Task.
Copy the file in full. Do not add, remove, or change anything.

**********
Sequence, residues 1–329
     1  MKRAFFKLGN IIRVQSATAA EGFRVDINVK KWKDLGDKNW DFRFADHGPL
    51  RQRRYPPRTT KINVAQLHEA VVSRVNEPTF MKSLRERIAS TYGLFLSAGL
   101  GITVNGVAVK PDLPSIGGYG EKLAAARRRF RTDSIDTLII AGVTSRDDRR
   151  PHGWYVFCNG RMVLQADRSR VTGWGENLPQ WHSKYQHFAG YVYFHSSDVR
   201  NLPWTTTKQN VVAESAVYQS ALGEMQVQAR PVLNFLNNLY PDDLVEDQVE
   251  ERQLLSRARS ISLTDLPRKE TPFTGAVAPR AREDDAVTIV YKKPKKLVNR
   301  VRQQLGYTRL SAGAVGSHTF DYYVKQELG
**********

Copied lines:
Sequence, residues 1–329
     1  MKRAFFKLGN IIRVQSATAA EGFRVDINVK KWKDLGDKNW DFRFADHGPL
    51  RQRRYPPRTT KINVAQLHEA VVSRVNEPTF MKSLRERIAS TYGLFLSAGL
   101  GITVNGVAVK PDLPSIGGYG EKLAAARRRF RTDSIDTLII AGVTSRDDRR
   151  PHGWYVFCNG RMVLQADRSR VTGWGENLPQ WHSKYQHFAG YVYFHSSDVR
   201  NLPWTTTKQN VVAESAVYQS ALGEMQVQAR PVLNFLNNLY PDDLVEDQVE
   251  ERQLLSRARS ISLTDLPRKE TPFTGAVAPR AREDDAVTIV YKKPKKLVNR
   301  VRQQLGYTRL SAGAVGSHTF DYYVKQELG